Here is a taste:
John Fea, in what has become a must-read age-of-Trump blog about American religion, quotes from C.S. Lewis’s Screwtape Letters in a recent post:
Let him begin by treating the Patriotism or the Pacifism as a part of his religion. Then let him, under the influence of partisan spirit, come to regard it as the most important part. Then quietly and gradually nurse him on to the stage at which the religion becomes merely part of the “cause”, in which Christianity is valued chiefly because of the excellent arguments it can produce in favour of [the cause] … Once you have made the World an end, and faith a means, you have almost won your man, and it makes very little difference what kind of worldly end he is pursuing. Provided that meetings, pamphlets, policies, movements, causes, and crusades, matter more to him than prayers and sacraments and charity, he is ours-and the more “religious” (on those terms) the more securely ours.
It’s possible that I am entirely misreading the present climate, but if one did not know anything about religion in the United States and merely relied on media coverage of contemporary politics, one would presume that evangelicalism is a political movement. A HUGE majority of evangelicals typically vote Republican, and an even HUGER majority voted for Donald Trump (just about the least Christian major-party nominee since … perhaps Richard Nixon?). [As an aside, it’s worth noting that Australia now has an openly evangelical prime minister]. The relationship between Trump and a small number of men and women whom John Fea terms “court evangelicals” receives considerable attention, as has the fact that large majorities of evangelicals support Trump’s policies on matters such as immigration. And this week President Trump hosted a dinner for his high-profile evangelicals supporters at the White House. Sadly, my invitation got lost in the mail.
Evangelicalism is first and foremost a religious movement. It is a movement that celebrates the centrality of the cross, the born-again experience, evangelism, service, and the inspiration of the Bible. Yes, there are American churches that bring politics into the pulpit, but the majority of evangelical churches do not dwell on politics. Most clergy do not think it is a good idea to preach on political themes or endorse candidates. I have yet to find an evangelical church with a “politics ministry.”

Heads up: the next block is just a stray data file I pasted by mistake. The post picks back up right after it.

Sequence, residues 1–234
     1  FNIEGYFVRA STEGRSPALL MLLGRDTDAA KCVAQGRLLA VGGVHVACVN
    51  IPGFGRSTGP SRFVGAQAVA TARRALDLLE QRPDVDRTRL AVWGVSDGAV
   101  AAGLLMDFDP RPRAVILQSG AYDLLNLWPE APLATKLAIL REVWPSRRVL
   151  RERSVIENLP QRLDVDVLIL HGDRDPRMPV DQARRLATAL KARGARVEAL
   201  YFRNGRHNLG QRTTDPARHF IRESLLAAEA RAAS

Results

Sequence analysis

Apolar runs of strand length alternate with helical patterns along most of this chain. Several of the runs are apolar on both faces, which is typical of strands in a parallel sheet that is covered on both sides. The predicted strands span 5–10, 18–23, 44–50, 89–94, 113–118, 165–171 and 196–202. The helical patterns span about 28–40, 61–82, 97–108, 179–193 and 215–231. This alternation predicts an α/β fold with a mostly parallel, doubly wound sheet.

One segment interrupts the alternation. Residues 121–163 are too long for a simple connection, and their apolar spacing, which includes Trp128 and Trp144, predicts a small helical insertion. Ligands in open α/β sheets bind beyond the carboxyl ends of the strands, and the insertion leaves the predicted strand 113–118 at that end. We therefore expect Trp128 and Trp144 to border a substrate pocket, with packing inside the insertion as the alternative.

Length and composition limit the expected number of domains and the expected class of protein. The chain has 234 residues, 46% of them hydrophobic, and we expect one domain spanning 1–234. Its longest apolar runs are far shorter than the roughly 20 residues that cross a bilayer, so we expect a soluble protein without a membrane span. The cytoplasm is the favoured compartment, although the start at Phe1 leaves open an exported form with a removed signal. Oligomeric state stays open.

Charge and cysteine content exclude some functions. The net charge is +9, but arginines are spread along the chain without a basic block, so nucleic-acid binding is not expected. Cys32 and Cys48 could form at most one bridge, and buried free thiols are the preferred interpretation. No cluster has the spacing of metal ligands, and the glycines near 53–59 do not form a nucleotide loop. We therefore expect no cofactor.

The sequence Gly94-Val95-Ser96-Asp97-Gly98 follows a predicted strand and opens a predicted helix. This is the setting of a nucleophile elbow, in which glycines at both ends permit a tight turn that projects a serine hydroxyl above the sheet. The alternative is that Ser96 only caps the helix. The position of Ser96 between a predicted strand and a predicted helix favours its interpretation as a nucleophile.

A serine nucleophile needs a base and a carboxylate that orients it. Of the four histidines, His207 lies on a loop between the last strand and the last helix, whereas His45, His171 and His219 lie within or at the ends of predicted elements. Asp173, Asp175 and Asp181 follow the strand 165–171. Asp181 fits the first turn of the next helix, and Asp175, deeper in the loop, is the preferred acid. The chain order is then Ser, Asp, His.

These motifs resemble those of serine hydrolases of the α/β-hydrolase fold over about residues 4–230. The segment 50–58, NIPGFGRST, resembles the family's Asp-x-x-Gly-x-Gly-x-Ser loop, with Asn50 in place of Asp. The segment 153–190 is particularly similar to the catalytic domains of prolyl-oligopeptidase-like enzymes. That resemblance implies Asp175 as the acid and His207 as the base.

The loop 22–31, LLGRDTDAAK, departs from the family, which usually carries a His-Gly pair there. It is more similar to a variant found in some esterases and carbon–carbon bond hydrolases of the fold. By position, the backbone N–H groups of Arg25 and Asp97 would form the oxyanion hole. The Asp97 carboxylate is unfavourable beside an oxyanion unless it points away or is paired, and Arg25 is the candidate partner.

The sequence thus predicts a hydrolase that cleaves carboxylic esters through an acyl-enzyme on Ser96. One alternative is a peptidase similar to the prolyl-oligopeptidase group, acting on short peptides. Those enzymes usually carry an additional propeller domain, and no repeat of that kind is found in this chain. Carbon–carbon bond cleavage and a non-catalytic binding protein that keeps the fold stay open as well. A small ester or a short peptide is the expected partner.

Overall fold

Evangelical congregations are primarily concerned about living holy lives of faith–a vertical relationship with God. When most evangelicals think about moving beyond the walls of church, they think primarily in terms of missionary activity, serving neighbors in local communities, caring for the vulnerable, feeding the poor, and exemplifying acts of compassion. I would even argue that this is true of evangelical churches and ministries run by court evangelicals such as Robert Jeffress, Franklin Graham, and others.
Because the day-to-day acts of compassion and love performed by evangelicals rarely make headlines, the general public only sees politics. And because many evangelicals have not thought deeply about political engagement, when they do try to bring their faith into the public square it usually results in a big mess.
All of this reminds me of the generation of early American historians who tried to make connections between the First Great Awakening and the American Revolution. Rather than interpreting the First Great Awakening as a religious movement, many historians, driven by their Whig sensibilities, seemed to suggest that this deeply spiritual movement was only useful for what it told us about the coming of American independence. In the process, they failed to understand this important historical event.
Today, when we define evangelicals or evangelicalism in a solely political way, we get a very limited understanding of what the movement is all about. Turner’s post is a good reminder of what really happens in evangelical congregations and para-church ministries.